I have to admit I do not have an ethnic cooking bone in my body. My mother, a Scottish immigrant and my father, whose family landed in New England shortly after the Mayflower, cooked wholesome food but with not much flair or flavor. We had your typical Chinese food and that was the extent of our ethnic diversity. When I left home for college, I didn’t even know that other international food existed. I was not even exposed to these until years later when my culinary journey continued as did our travels and meeting people from different countries. I still struggle with cooking international food, but decided that I would give it a try every once in a while. The recipes that I come up with might make any purist or those who grew up on that specific international cuisine cringe, but for me I try to introduce at least some of the flavors to my family and develop recipes so they taste good to me.
I have been wanting to experiment with red and green curry for a while. I have used yellow curry and I like it. My husband is not a huge fan of Indian food so I do not cook it very often. I picked up a bottle, of Thai Kitchen, red curry paste, did a little research on the ingredients, and came up with what I thought were complementary flavors and ingredients. To me tomatoes, sweet potatoes, and butternut squash would be lovely with it. I also decided to make this dish with ground bison as well as additional chickpeas. It could easily be made vegetarian by omitting the bison and adding at least double the chickpeas. If you are paleo, then omit the chickpeas and double the ground bison.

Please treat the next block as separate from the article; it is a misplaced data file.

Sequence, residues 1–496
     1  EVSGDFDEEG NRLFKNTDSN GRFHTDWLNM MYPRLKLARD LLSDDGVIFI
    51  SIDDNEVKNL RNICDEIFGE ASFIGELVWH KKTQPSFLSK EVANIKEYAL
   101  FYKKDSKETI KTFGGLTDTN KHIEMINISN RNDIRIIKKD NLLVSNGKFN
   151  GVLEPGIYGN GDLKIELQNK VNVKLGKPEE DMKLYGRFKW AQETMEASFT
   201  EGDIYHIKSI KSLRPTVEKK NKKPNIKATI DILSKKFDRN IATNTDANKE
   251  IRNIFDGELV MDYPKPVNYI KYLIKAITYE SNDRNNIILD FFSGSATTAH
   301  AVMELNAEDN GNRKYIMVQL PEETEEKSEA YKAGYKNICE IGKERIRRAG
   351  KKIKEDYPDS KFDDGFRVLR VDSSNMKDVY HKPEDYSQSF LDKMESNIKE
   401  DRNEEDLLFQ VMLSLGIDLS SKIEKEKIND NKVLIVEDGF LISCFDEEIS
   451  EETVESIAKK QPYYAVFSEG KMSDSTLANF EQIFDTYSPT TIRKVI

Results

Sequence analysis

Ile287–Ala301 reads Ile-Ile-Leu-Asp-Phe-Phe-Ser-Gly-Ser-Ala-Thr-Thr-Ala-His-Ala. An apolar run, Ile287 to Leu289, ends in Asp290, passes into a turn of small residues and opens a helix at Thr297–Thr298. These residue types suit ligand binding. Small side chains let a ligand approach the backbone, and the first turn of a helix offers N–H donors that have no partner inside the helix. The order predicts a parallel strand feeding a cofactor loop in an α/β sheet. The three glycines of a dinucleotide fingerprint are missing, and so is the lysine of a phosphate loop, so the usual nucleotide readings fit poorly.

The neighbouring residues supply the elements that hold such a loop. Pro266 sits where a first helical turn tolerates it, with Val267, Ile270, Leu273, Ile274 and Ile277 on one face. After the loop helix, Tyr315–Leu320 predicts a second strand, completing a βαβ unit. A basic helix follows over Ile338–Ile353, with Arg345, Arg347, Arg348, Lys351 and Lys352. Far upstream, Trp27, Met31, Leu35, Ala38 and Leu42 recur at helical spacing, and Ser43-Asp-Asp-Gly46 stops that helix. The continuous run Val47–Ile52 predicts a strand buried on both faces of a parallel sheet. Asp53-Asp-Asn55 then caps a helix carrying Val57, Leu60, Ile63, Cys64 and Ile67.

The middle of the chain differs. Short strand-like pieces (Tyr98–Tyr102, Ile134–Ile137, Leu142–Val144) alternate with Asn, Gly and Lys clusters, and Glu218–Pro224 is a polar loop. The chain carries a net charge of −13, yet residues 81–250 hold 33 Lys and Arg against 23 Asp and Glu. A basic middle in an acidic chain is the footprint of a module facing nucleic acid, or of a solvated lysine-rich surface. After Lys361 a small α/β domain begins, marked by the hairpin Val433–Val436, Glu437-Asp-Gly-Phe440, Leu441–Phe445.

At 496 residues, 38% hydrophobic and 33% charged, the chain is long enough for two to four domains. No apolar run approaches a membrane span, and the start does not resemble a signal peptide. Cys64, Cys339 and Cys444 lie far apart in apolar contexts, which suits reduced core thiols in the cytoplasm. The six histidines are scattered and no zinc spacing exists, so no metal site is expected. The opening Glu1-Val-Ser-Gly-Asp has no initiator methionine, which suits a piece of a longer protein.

We had a lucky guest on this experimental cooking night, something I try not to do, test new recipes on un expecting dinner visitors. Luckily it was a nice surprise, and we both loved it. My husband, still was not a huge fan, but had two bowls, and but two of the three kids loved it as well. My husband complained it didn’t have any green, he detests cilantro, and I feel like the cilantro and plain yogurt just made the dish. I am sure I could have used thai basil and that would have been nice substitute for the cilantro.
So my chef and health coach tip for the day, push your flavor palette, and make something different at home. This dish is a great example of a wonderful international flavors, loaded with seasonal vegetables, and a nice change to the food I cook at home everyday. Remember this meal is easily adapted to be vegetarian, vegan, paleo, and gluten free. Send me a message if you have any questions!